ThingM blog

What we think, what we like, what we make, and how we make it.

Neat MaxM + Arduino Moodlight Instructable

Instructable user yodacraft3 made a great guide on how to build an “Arduino Mood Lamp Using BlinkM”. You’re shown how to set up a BlinkM and then the much brighter BlinkM MaxM, using either an Arduino or LinkM. Check it out! (And thanks @DIYEngineering for bringing it to our attention!)

arduino-maxm-instructable

Mike’s talk at Augmented World Expo 2013

Mike gave a great talk at Augmented World Expo 2013. (as did ThingM advisor and good friend Ben Cerveny!) AWE brings together people to talk about the latest in augmented reality.

Mike’s talk was titled “Sculpting the Augmented World”. Slides and notes are below.

He was also interviewed by AWE.tv and that’s up on Youtube now.

Sculpting the Augmented World: Scale and Narrative in Augmented UX design by Mike Kuniavsky

blink(1) available at Maker Shed and Inventables

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inventables

We now have two distributors of blink(1): Maker Shed and Inventables.

Both Maker Shed and Inventables also carry our BlinkM-family products too. We are very excited to have our gadgets offered by two companies that carry so many other neat products. Check them out!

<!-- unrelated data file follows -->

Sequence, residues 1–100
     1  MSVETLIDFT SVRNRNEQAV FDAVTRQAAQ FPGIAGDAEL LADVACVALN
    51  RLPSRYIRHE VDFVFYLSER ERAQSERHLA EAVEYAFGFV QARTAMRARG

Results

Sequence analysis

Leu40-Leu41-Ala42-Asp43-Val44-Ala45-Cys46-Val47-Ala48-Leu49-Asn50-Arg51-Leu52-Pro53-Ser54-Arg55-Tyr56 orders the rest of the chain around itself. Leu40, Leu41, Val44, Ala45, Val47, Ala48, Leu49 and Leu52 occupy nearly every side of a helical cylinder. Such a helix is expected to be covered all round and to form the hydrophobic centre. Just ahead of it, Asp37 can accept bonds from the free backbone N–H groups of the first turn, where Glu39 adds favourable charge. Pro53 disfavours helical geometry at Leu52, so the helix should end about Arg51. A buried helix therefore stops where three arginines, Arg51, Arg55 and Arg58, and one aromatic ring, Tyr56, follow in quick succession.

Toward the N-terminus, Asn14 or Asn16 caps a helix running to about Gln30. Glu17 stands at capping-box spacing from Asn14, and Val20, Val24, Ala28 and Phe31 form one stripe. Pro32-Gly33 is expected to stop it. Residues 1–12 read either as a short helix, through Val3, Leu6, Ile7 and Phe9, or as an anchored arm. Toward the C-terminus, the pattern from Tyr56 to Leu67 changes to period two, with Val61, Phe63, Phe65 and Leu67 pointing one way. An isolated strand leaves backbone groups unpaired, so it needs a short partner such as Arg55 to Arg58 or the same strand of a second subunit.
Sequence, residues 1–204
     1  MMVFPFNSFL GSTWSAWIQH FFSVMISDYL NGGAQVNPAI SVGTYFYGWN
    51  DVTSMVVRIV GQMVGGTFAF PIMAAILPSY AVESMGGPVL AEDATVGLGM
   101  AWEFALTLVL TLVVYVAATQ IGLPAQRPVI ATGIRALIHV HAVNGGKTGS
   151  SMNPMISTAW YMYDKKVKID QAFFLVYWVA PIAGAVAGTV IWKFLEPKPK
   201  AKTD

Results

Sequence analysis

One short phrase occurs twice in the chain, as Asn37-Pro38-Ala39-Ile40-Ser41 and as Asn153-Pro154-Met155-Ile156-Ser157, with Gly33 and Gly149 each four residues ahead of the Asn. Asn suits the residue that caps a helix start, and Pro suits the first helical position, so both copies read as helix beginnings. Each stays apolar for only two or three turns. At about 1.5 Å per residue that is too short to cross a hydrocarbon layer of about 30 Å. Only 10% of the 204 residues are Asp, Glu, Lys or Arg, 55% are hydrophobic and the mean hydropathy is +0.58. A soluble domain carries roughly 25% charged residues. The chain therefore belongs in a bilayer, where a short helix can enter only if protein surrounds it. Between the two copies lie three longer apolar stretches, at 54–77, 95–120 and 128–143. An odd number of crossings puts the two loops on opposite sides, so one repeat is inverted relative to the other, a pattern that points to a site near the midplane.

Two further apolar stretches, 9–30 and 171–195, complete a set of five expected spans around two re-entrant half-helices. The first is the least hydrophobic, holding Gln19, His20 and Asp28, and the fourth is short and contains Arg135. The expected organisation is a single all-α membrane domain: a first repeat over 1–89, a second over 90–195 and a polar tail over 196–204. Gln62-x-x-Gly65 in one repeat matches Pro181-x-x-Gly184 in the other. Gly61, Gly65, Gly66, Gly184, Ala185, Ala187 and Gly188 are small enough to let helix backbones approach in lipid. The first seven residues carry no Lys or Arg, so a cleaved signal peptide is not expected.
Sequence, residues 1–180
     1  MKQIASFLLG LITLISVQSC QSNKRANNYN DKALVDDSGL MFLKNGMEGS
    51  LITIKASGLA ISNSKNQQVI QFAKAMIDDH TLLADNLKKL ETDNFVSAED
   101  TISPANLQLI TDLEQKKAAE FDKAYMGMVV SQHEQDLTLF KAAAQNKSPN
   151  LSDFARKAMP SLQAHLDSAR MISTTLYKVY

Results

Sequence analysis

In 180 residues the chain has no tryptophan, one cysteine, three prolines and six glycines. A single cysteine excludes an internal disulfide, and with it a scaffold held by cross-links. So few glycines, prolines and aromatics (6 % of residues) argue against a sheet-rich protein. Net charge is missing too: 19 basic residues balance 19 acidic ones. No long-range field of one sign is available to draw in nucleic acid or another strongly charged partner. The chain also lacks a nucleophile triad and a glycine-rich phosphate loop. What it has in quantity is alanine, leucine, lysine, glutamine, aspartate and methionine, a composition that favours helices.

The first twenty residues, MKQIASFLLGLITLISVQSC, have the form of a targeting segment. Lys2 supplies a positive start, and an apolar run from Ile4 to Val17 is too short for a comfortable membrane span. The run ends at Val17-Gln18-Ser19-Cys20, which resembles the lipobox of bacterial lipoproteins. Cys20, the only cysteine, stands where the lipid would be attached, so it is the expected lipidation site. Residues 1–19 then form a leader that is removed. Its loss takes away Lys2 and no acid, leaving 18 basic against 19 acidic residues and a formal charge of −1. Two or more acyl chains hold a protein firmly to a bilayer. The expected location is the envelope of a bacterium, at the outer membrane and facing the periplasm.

Make an omnidirectional blink(1) with a ping-pong ball

Here’s a quick hack to try if you have a blink(1) and want a light that is large and viewable from more angles than what blink(1) normally provides. It does make things a bit larger though. It turns out ping-pong balls make excellent diffusers for LEDs. Here’s how to attach a ping-pong ball diffuser to your blink(1) so you can put a computer-controlled notification light just about anywhere.

omni-blink1-animated

blink(1) omni-light with ping-pong ball diffuser

Tools Needed:
- blink(1) USB RGB LED
- white ping pong ball
- hobby knife
- hot glue gun
- USB extension cable (optional)

Parts needed to make blink(1) omni-light

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MakerFaire 2013 Wrap Up

makerfaire

Whew, MakerFaire Bay Area 2013 is over and it was astoundingly fun. Not only did we get to interact with so many people doing awesome things with ThingM products (like these BlinkM MinM earrings) but we got to show off a bunch of projects made with blink(1) and BlinkM-family stuff to thousands of new people. We heard tallies of 120,000 people showed up over the weekend, and we love seeing the concepts the Maker community inspires diffusing out into the larger world, as this LA Times article speaks to.

This year not only were we fortunate enough to have a ThingM table in the Maker Shed (Thank you Leah, Alex, Will, Carlyn, & Mike for helping staff it), but we also gave talks. Mike spoke about the future of manufacturing in a work filled with Maker-inspired tools and techniques, while Tod gave a talk on the process we went through to take blink(1) from an idea to Kickstarter to production.

Below are slides from both talks.

Mike’s talk:
MFBA 2013 336